Biz Tips: No, I Don’t Want to Connect With You on LinkedIn

Biz Tips: No, I Don’t Want to Connect With You on LinkedIn

GROWTH:

No, I Don’t Want to Connect With You on LinkedIn

I Don’t Even Know Our Mutual Connections

Photo by Brooke Cagle on Unsplash

I used to do seminars on how to use LinkedIn effectively in real estate. I told agents to just accept every connection request. Because who cares? Everyone transacts in the real estate space at some point, so everyone could be a potential client.

That was sh*tty advice. Not because it doesn’t hold true, but because LinkedIn has become a cesspool of overeager telemarketers spinning their same yarn via an online business connection portal.

Every day I get 5–10 new connection requests that message me like they would on OkCupid. Instead of going over the things in our profiles that we have in common (classic online dating first message connectivity speech), they are going over how we have connections in common and that we could have a mutually beneficial business relationship.

Except that I am not interested. Because I am not in those businesses anymore. And they didn’t even notice that. That’s how I know it’s bullsh*t. It’s spammy.

Where LinkedIn Went Wrong

When LinkedIn started you pretty much had to solve the Hodge conjecture to send a message to anyone. I don’t even think you could unless you had a paid membership. This was great. It was just connecting. A resume exchange. No spam.

Then at some point they wanted to allow more social activity. This, for me, was the downfall of LinkedIn and its use to me. I do like that I can message people, in case I am somehow not connected on another network, but it’s everyone else that bothers me.

It opened the doors for cold-calling behavior on social. Everything we were trying to avoid by being present on LinkedIn. We wanted professional relationships. A virtual resume portal. A way to connect to jobs. Not a message campaign with hard-sell calls-to-action. I can get that in my email every morning.

I do advocate that LinkedIn is your best first connection online for business. But there is still etiquette involved.

The Social Networking Connection Hierarchy

“Social networks do best when they tap into one of the seven deadly sins. Facebook is ego. Zynga is sloth. LinkedIn is greed.”

— Reid Hoffman

Why I Can’t Spend More Than Two Minutes on LinkedIn Right Now

Let me first say that I recently left standardized employment. So LinkedIn, in and of itself, is less useful to me now than it would have been if I was still working for the man. I do understand that.

But LinkedIn has changed. It tried to be more like Facebook. Instead of opening up for more information and more connection options, it should have tightened the reins a bit. And made it more difficult to connect. Because this is a business portal.

CEOs don’t really want every Tom, Dick, and Harry sending them connection requests because they want a job as mail clerk. I love that I can find the CEO of a company, but I shouldn’t be able to send them a message.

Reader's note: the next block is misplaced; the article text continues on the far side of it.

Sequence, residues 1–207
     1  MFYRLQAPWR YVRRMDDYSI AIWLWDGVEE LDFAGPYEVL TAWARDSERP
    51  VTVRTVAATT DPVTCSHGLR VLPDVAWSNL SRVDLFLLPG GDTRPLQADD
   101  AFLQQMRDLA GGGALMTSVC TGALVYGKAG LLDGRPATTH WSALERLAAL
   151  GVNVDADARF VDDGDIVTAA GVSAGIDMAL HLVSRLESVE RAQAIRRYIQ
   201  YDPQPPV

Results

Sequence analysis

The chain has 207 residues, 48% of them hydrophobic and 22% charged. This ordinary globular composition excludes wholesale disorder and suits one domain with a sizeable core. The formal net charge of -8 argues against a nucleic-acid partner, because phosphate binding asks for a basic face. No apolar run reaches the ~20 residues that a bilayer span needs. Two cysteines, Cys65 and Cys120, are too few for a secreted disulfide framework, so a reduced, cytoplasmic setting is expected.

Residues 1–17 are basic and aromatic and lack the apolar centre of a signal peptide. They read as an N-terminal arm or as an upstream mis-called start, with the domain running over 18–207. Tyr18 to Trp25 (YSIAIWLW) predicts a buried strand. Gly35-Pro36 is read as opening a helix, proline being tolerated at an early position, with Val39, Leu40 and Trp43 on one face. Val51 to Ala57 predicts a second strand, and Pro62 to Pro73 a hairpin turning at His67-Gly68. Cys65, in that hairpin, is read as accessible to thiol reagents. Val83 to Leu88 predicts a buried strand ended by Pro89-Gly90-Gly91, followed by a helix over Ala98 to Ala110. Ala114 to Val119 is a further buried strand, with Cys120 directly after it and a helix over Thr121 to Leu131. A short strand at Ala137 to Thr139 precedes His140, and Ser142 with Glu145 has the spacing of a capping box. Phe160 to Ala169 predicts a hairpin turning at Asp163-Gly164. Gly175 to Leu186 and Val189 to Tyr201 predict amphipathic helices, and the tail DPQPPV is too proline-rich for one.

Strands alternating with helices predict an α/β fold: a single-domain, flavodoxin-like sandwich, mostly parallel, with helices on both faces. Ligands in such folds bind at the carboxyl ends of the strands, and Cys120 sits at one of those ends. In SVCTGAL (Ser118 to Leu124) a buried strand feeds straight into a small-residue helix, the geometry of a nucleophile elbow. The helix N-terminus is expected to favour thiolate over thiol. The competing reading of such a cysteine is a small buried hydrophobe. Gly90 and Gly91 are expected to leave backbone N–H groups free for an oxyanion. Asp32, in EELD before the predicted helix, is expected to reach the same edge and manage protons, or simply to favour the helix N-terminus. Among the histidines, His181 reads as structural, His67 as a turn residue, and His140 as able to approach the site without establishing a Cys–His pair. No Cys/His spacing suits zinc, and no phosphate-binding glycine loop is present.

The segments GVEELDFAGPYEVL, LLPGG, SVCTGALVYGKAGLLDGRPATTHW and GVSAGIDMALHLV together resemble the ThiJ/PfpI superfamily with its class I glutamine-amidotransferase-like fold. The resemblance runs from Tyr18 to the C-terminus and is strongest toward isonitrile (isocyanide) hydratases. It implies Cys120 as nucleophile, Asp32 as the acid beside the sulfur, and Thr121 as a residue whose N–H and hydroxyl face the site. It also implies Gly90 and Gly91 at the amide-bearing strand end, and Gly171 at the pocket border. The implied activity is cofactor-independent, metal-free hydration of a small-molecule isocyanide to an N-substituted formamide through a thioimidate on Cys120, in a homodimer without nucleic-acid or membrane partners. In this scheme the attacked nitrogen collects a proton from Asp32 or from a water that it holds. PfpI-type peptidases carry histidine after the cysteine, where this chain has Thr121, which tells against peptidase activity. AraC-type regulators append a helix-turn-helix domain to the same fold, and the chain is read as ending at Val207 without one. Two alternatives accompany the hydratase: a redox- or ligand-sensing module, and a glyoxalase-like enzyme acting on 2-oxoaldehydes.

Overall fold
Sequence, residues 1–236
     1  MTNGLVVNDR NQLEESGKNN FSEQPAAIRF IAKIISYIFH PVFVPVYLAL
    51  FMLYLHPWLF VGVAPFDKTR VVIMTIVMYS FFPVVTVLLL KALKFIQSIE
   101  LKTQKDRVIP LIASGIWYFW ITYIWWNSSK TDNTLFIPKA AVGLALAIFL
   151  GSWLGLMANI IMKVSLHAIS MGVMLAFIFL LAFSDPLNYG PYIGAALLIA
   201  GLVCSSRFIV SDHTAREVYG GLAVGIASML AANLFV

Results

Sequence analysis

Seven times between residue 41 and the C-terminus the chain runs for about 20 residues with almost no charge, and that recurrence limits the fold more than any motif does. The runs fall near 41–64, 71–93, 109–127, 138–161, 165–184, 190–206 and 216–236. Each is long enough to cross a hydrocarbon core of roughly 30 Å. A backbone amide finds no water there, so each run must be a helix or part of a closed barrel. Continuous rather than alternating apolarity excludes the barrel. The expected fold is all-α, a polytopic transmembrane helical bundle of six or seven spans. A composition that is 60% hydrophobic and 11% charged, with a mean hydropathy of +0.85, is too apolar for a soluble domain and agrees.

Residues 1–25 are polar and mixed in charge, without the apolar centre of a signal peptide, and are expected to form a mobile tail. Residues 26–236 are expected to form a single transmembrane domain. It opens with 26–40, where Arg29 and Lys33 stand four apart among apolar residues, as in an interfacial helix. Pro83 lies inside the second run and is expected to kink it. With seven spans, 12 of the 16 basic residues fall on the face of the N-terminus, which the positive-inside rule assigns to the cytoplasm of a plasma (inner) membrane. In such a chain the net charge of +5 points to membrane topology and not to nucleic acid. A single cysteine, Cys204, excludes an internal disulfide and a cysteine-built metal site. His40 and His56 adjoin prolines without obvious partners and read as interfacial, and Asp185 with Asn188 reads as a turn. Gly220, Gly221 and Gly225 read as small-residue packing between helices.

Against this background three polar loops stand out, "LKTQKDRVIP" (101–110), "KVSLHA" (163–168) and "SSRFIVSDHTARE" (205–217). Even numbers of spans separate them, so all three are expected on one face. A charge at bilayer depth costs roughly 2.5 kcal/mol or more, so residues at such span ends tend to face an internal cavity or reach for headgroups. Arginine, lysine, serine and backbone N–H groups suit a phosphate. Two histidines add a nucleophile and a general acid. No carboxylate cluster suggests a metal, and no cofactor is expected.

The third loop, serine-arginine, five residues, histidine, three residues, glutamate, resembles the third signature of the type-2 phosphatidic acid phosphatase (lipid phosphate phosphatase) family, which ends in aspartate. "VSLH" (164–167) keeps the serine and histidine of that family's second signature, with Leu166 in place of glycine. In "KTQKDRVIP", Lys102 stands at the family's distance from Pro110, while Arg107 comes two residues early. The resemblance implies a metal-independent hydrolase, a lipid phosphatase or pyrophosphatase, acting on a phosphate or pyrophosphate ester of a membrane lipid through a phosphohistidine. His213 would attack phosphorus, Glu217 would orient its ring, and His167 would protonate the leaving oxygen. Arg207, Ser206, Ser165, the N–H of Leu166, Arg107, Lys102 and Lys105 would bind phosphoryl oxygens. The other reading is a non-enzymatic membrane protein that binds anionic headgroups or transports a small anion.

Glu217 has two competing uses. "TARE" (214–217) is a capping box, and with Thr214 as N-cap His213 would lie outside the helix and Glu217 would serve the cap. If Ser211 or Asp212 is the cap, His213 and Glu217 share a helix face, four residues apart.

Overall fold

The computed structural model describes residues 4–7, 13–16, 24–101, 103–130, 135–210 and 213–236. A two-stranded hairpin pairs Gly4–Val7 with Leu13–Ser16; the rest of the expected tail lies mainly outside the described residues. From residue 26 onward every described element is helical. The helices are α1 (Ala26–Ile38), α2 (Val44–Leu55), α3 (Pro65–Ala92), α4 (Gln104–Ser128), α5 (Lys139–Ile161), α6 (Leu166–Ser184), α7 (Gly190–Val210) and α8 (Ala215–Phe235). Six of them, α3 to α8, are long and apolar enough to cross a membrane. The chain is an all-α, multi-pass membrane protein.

The feed is also a mess. But that’s partially my fault. Because I did what I used to counsel others to do. I accepted every connection request, for years.

Like when I was in the art world. And now I have 500 artists as connections. And I have to see their feeds. And unfollow them. 50 times a day.

Like when I was in real estate. And now I have 500 real estate connections. And I have to see their listings. I get it, I used to do this too. But I don’t want to see it anymore. So I unfollow them. 50 times a day.

But then the feed keeps showing me what my connections liked on LinkedIn.

Dear LinkedIn. I don’t give a rat’s ass what my connections liked on LinkedIn. I don’t even know 99.9% of these people.

Algorithms are the f*cking devil. On every network.

Photo by Victoria Heath on Unsplash

The True Value Left on LinkedIn

If you are in sales of any kind, LinkedIn is great for you. If you are in a business where you set and take a lot of meetings each week, LinkedIn is great for you.

Because the true value left on LinkedIn is in appropriate cyber-stalking. Note I used the word appropriate as I do not intend to advocate for stalkeresque behavior. I mean research in advance of meeting someone. That kind of cyber-stalking.

It’s gold for that. If you have a group of ten top targets that you want to sell to, LinkedIn can help place those in an order for you. By how much information you can glean from their profile.

It’s a great place to find commonalities so that when you do meet in person you will have something to talk about. Colleges. Charitable organizations. Past jobs. LinkedIn holds all the conversation starters you need for your next business mixer.

But that’s really it. Even finding jobs and hiring has become harder on LinkedIn. Because the platform is too open now. It’s too social.

I Thought This Was a Business Network

But it’s not anymore. It’s a quasi-social network based on business. But with showing likes, advanced messaging, sharing, and more, there are few differences from Facebook. LinkedIn just has less cute animal videos.

Is it still viable for the regular 9–5 business? It wasn’t for me. Does it still have the same happiness rate as it had five years ago for you? Definitely not for me.

I’m curious if I am the only one who has completely lost interest in LinkedIn. It actually makes me angry when I go on there. Because I don’t see anything important. Ever.

Is this another network that we feel we “must keep” to be business relevant? I hope not.

Photo by Julien-Pier Belanger on Unsplash

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No, I Don’t Want to Connect With You on LinkedIn was originally published in Marketing And Growth Hacking on Medium, where people are continuing the conversation by highlighting and responding to this story.

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